Lucinda Hoekke spends eight hours a day at the Complaint Line, listening to anonymous callers air their random grievances. Most of the time, the work is excruciatingly tedious. But one frequent caller, who insists on speaking only to Lucinda, captivates her with his off-color ruminations and opaque self-reflections. In blatant defiance of the rules, Lucinda and the Complainer arrange a face-to-face meetingand fall desperately in love.
Consumed by passion, Lucinda manages only to tear herself away from the Complainer to practice with the alternative band in which she plays bass ..... Hoping to recharge the bands creative energy, Lucinda suggests some of the Complainers philosophical musings to Bedwin. When Bedwin transforms them into brilliant songs, the band gets its big break, including an invitation to appear on L.A.s premiere alternative radio show. The only problem is the Complainer. He insists on joining the band, with disastrous consequences for all.
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"Zany disaster ensues in this entertaining but largely insubstantial romantic farce." - PW.
"Lethem's newest is more entertaining romantic caper than daring literature. Recommended for medium to large fiction collections." - Library Journal.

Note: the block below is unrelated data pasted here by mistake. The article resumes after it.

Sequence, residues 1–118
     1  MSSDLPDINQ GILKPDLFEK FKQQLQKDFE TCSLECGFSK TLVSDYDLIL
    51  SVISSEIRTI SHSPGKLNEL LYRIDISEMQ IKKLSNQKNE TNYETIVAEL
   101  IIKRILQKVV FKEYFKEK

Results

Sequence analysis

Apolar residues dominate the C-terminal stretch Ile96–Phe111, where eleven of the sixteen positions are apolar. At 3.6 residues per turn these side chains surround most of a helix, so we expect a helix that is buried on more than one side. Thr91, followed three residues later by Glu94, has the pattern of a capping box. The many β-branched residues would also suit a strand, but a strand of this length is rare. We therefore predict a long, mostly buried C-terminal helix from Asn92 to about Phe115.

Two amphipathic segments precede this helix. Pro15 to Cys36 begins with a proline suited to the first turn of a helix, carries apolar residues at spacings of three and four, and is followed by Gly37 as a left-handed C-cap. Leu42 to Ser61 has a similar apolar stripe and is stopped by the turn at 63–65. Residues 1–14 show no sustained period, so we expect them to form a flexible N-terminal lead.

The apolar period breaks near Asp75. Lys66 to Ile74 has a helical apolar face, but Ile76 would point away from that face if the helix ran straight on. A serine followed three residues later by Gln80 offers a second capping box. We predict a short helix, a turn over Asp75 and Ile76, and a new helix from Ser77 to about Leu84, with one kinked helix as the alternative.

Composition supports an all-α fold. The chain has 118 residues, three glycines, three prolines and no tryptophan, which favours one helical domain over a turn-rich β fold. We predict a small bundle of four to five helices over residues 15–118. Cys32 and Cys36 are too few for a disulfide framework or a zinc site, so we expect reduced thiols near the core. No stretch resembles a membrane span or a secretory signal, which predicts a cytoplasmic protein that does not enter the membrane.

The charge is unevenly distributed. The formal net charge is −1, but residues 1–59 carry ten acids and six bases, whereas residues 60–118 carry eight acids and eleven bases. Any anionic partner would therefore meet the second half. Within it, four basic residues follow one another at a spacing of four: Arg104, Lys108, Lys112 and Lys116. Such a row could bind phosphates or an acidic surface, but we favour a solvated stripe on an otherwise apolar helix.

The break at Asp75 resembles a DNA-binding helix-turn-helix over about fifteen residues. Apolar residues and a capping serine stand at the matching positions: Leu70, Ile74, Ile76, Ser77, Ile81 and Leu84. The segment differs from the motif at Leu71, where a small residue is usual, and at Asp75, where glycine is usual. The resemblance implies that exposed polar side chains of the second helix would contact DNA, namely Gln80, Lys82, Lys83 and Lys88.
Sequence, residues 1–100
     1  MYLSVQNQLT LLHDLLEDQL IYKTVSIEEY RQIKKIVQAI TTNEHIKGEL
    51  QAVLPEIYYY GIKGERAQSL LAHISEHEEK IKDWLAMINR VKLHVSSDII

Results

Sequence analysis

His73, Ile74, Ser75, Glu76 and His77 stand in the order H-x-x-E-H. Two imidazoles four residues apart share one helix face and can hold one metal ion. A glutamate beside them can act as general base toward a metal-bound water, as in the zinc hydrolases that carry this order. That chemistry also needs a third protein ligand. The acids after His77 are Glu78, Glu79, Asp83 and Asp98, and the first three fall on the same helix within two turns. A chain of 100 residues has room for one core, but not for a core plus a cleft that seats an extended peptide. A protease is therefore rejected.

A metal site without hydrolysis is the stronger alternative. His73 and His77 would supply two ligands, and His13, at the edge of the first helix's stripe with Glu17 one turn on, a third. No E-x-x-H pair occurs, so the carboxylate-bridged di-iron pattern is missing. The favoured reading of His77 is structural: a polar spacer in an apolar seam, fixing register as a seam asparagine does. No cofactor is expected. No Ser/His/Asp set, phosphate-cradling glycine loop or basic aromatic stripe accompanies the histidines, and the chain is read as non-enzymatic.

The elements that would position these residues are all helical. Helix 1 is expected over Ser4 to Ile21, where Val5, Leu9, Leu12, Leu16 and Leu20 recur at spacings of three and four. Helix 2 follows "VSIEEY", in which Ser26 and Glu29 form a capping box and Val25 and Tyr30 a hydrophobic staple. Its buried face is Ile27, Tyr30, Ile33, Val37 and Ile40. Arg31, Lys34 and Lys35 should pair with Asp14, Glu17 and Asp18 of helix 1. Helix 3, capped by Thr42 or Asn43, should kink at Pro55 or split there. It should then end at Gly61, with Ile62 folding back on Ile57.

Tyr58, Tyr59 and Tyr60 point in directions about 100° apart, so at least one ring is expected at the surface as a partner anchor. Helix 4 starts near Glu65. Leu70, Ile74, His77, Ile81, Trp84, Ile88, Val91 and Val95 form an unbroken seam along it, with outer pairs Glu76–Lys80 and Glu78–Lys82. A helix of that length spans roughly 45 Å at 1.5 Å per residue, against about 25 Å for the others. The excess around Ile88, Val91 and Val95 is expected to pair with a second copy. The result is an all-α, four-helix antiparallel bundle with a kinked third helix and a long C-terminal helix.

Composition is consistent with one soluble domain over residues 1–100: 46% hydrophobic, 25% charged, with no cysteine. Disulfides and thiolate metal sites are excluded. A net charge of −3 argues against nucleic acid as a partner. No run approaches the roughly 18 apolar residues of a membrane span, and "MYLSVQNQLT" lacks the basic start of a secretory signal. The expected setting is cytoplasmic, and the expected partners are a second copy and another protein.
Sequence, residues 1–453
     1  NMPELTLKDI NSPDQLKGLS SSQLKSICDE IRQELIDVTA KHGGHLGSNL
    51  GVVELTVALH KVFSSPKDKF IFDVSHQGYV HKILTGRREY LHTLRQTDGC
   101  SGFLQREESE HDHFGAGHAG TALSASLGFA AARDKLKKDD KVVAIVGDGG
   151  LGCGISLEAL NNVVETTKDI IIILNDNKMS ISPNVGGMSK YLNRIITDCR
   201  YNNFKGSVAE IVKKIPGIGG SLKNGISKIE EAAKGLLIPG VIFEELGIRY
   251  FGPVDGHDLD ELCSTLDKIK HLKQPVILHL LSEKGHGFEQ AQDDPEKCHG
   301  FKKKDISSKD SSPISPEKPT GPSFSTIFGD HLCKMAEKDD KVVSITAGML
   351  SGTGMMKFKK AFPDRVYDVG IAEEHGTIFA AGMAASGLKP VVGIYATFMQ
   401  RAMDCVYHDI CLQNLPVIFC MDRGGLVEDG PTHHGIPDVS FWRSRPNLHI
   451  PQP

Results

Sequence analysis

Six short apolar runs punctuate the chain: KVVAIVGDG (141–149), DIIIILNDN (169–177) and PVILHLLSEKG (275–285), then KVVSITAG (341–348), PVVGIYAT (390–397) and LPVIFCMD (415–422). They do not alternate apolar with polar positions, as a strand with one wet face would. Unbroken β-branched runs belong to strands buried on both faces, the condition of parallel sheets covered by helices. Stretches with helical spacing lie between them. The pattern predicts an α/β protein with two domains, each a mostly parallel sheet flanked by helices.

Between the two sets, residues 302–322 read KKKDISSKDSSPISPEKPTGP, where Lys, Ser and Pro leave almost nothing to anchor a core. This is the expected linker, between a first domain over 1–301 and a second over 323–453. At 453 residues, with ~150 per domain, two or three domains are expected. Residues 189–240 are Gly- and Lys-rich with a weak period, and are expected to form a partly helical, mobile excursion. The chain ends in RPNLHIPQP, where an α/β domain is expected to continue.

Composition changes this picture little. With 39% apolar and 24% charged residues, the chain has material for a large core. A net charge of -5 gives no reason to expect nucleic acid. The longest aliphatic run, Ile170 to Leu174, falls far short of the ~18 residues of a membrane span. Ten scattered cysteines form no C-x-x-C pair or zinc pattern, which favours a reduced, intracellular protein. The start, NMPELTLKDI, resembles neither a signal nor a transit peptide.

"Not without its ridiculous charms, but nothing to sing about either." - Kirkus.
"Comparing this effort to, say, Motherless Brooklyn (1999) is like comparing apples to skyscrapers. Lethem's capable of entire skylines, and when was the last time you were really wowed by a piece of fruit?" - Booklist.
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Jonathan Lethem was born February 19, 1964 in Brooklyn, NY. He attended the alternative High School of Music & Art in New York where he produced a literary magazine and wrote a short novel titled Heroes. Lethem went to Bennington College in Vermont before dropping out in his sophomore year to move to California and pursue writing.
Lethem met with literary success early. His first novel, Gun, With Occasional Music, a science fiction/hard-boiled detective story, was a finalist for the 1994 Nebula Award. The commercial success that Lethem saw for Gun, With Occasional Music, combined with the optioning of the novel's film rights, allowed the author to stop working at bookstores and devote himself full-time to writing.
Each of Lethem's subsequent three novels -- Amnesia Moon, As She Climbed ...
Blood at the Root
"A gripping, timely, and important examination of American racism."
- PW Starred Review
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